Toyota i-Road: what is Active Lean technology

The intuitive Active Lean technology of the Toyota i-Road is key to the electric concept vehicle’s sense of fun.

It provides a unique driving experience, with all the enjoyment of two-wheeler riding, exceptional manoeuvrability and a minimum turning circle of just three metres, yet with no need for the driver to keep the vehicle stable at low speeds, or when stationary.

The fact that the driver doesn’t have to put his or her feet on the road surface at any time allows i-Road to have a safer, weatherproof, closed body construction. Not only does this mean the driver doesn’t have to wear a helmet, there is a more car-like environment inside, with the opportunity to install heating, an audio system and Bluetooth.

What inspired Active Lean technology?
Akihiro Yanaka, Project General Manager Product Planning Department, says his inspiration for the Active Lean Technology came from his love of skiing.

“I thought about the basics of making things move and function properly. Then I realised the importance of maintaining an optimum relationship between the centre of gravity and the tyre/road contact points.”

“The driver and the vehicle have to move in synchronisation, so when I thought about the most natural way to experience this, I came up with skiing. I actually do find many hints from skiing.”

See also:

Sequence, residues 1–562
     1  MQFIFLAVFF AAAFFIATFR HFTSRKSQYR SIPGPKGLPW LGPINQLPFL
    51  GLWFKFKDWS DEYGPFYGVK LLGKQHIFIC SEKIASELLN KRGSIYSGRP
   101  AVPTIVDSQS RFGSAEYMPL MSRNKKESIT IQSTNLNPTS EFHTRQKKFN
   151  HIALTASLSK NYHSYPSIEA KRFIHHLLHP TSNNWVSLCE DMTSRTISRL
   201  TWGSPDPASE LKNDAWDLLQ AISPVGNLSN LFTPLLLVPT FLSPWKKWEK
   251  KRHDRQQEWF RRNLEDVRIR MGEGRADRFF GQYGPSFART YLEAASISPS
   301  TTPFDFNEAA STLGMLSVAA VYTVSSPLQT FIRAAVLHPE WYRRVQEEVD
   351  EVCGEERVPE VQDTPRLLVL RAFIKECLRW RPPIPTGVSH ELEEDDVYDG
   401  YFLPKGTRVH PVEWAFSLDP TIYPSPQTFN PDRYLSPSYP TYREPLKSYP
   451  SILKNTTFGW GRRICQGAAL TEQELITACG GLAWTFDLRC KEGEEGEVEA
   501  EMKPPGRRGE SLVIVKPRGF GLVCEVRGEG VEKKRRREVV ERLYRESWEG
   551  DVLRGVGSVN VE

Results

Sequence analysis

Wired says Toyota i-ROAD may be ‘the Perfect EV’

Toyota i-ROAD to begin French urban mobility trial
Toyota i-Road hits the streets in first public trial
Toyota i-ROAD hits the roads of Japan
World-first drive of the Toyota i-Road electric concept

How does Active Lean technology work?
Working in conjunction with rear-wheel steering and controlled by a conventional steering wheel, the system has a lean actuator motor and gearing mounted above the front suspension member and linked via a yoke to the left and right front wheels.

An ECU calculates the required angle of lean, based on steering angle, vehicle speed and information from a gyro sensor. The system automatically moves the wheels up and down, in opposite directions, and can apply a lean angle to counteract the centrifugal force of cornering.

The system also operates when i-Road is being driven straight ahead on a stepped surface, the lean actuator automatically compensating for changes in the road surface to keep the body level.

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